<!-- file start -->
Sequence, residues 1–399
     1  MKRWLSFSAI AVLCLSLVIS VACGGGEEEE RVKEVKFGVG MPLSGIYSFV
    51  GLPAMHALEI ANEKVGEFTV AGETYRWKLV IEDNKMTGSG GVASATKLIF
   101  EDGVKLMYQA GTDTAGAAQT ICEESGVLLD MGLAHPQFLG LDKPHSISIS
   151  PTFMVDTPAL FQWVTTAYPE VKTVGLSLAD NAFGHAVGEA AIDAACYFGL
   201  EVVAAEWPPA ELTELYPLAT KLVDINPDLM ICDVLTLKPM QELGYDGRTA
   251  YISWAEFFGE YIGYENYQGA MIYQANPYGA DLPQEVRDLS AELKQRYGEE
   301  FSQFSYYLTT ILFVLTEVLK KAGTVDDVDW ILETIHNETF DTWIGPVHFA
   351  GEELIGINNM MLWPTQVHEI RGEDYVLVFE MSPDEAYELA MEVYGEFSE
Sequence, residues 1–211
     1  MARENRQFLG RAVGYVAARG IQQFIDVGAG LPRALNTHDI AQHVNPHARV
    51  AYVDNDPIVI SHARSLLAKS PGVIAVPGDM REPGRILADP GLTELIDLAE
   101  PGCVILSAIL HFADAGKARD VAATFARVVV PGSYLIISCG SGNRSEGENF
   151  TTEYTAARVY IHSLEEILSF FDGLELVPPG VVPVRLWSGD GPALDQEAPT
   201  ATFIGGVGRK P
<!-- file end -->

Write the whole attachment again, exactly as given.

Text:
Sequence, residues 1–399
     1  MKRWLSFSAI AVLCLSLVIS VACGGGEEEE RVKEVKFGVG MPLSGIYSFV
    51  GLPAMHALEI ANEKVGEFTV AGETYRWKLV IEDNKMTGSG GVASATKLIF
   101  EDGVKLMYQA GTDTAGAAQT ICEESGVLLD MGLAHPQFLG LDKPHSISIS
   151  PTFMVDTPAL FQWVTTAYPE VKTVGLSLAD NAFGHAVGEA AIDAACYFGL
   201  EVVAAEWPPA ELTELYPLAT KLVDINPDLM ICDVLTLKPM QELGYDGRTA
   251  YISWAEFFGE YIGYENYQGA MIYQANPYGA DLPQEVRDLS AELKQRYGEE
   301  FSQFSYYLTT ILFVLTEVLK KAGTVDDVDW ILETIHNETF DTWIGPVHFA
   351  GEELIGINNM MLWPTQVHEI RGEDYVLVFE MSPDEAYELA MEVYGEFSE
Sequence, residues 1–211
     1  MARENRQFLG RAVGYVAARG IQQFIDVGAG LPRALNTHDI AQHVNPHARV
    51  AYVDNDPIVI SHARSLLAKS PGVIAVPGDM REPGRILADP GLTELIDLAE
   101  PGCVILSAIL HFADAGKARD VAATFARVVV PGSYLIISCG SGNRSEGENF
   151  TTEYTAARVY IHSLEEILSF FDGLELVPPG VVPVRLWSGD GPALDQEAPT
   201  ATFIGGVGRK P